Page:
This leads to higher levels of xanthines. However, these are more soluble than urate and do not cause the same problems. it is the most effective urate-lowering drug and is commonly used first whether the patient is forming too much urate or not getting rid of it quickly enough. it is important to start at low doses and slowly build up so as not to cause increased attacks of gout during the early stages of treatment (see Prophylactic Treatment above). Allopurinol is also used to treat patients about to start chemotherapy for certain kinds of tumors (especially lymphomas and leukemias) since they can get massive release of uric acid. Unfortunately, somewhere between 5 and 20 percent of patients develop side effects on allopurinol that requires stopping it. Allopurinol also interacts with several other drugs, and patient and doctor need to be aware of these. This can be a particular problem in transplant patients.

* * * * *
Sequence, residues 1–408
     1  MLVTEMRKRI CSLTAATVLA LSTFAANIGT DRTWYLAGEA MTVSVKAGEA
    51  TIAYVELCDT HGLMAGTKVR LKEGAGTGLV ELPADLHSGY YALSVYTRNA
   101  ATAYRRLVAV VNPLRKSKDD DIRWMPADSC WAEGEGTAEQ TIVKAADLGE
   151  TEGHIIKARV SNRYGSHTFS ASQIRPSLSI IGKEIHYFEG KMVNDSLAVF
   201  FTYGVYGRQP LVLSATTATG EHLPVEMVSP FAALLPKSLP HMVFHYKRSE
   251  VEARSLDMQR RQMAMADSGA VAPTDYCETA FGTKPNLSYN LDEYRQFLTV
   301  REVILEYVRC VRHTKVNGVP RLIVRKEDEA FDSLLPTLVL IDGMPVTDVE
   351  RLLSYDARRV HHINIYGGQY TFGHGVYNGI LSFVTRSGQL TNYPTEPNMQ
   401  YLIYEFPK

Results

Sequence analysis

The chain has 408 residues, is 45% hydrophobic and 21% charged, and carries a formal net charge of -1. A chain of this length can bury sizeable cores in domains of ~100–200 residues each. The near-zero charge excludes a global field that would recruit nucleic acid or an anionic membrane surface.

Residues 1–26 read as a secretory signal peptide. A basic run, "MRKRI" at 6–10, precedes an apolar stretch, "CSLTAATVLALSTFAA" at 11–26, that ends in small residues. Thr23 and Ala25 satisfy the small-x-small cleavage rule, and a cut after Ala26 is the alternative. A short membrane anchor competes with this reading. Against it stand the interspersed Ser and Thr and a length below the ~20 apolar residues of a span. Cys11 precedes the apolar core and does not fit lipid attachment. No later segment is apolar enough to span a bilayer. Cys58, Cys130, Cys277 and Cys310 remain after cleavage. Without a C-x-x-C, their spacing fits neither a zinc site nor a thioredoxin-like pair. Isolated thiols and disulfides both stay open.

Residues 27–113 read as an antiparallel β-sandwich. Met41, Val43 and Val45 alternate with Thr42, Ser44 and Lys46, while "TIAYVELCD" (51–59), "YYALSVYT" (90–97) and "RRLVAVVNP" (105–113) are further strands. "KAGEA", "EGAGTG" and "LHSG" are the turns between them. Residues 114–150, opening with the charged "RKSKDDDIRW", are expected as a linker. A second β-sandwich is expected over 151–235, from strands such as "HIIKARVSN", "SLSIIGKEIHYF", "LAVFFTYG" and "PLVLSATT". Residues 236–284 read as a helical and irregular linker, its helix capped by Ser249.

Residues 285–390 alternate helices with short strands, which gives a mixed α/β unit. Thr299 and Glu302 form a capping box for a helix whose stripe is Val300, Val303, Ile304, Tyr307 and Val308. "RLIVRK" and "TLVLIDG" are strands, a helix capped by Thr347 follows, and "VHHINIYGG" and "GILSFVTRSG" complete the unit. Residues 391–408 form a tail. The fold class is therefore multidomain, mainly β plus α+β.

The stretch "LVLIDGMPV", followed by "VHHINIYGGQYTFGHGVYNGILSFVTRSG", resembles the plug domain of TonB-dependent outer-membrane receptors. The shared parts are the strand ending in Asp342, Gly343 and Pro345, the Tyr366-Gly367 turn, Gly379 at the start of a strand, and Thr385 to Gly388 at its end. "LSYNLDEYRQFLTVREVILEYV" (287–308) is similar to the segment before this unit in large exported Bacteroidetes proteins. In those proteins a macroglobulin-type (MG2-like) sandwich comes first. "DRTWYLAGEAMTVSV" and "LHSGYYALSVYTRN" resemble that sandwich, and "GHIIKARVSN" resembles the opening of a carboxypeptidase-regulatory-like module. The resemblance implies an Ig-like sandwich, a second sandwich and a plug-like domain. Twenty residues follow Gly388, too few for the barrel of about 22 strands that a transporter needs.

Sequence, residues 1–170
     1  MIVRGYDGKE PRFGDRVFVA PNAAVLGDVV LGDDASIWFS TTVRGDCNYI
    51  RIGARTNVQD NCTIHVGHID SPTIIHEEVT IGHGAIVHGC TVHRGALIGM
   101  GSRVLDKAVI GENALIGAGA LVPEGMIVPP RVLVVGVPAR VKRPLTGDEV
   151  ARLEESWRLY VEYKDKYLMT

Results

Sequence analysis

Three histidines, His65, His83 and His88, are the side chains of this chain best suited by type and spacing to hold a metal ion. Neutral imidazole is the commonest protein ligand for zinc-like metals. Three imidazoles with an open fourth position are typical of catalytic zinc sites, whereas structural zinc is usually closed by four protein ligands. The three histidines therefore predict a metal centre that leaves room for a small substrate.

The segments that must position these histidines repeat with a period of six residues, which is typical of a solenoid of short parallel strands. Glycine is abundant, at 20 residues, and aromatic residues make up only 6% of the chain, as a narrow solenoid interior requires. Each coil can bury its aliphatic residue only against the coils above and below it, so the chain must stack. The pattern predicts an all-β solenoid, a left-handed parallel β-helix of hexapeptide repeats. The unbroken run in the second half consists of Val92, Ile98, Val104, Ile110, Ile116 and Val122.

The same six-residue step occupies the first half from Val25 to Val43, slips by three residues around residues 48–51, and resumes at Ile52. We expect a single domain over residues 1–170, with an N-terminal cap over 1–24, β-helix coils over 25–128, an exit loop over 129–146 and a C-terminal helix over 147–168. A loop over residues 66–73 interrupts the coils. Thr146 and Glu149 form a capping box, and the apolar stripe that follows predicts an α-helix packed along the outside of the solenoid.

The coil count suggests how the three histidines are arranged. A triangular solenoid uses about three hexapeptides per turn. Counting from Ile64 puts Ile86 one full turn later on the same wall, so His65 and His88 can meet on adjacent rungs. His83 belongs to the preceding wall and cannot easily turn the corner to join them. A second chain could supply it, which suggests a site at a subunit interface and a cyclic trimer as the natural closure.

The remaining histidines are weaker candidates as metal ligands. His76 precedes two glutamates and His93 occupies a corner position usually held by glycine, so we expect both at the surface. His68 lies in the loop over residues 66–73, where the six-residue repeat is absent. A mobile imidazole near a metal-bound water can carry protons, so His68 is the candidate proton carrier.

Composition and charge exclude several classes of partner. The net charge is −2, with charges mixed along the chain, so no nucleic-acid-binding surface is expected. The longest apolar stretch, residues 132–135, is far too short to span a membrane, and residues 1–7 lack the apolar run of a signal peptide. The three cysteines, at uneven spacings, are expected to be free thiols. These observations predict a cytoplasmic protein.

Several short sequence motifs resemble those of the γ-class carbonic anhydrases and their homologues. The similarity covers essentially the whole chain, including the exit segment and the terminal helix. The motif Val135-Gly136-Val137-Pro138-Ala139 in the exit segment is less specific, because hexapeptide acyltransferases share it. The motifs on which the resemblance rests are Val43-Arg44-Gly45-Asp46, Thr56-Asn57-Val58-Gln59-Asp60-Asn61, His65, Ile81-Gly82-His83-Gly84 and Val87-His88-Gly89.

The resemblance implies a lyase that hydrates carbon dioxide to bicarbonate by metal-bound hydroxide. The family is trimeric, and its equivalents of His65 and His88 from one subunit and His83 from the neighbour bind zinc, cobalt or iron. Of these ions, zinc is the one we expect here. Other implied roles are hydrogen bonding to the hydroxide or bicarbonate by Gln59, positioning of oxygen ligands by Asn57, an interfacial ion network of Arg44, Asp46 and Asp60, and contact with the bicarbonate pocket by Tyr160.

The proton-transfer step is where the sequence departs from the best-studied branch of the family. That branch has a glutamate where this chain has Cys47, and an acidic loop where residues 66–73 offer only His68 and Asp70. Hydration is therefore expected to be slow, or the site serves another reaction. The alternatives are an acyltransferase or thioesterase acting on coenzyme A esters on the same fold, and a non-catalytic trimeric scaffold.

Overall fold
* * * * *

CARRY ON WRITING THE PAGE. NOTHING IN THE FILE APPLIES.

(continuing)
if allopurinol is not tolerated, there are a number of drugs that increase the amount of uric acid passed in the urine. These are known as uricosuric drugs. The most effective is benzbromarone, which causes a similar degree of urate lowering to allo-purinol. it is also a very useful drug in transplant patients. Although used in Europe for many years, it is not available in the United States. probenecid is somewhat less effective, although reasonably well tolerated, with only 2 percent of patients stopping the drug because of side effects. it too has a number of interactions with other drugs (mainly in blocking their excretion by the kidneys), which can lead to serious problems if not taken into account. sulfinpyrazone is probably more effective than probenecid, but more people have side effects with it. it also has an anticlotting effect by reducing platelet function. This can be an advantage if someone needs antiplatelet treatment because of heart disease and the low-dose aspirin is being stopped while the urate levels are being lowered. once urate levels are stable at the required level, low-dose aspirin can usually be restarted without any problems. Sulfinpyrazone and benzbromarone are more effective than probenecid when there is poor kidney function.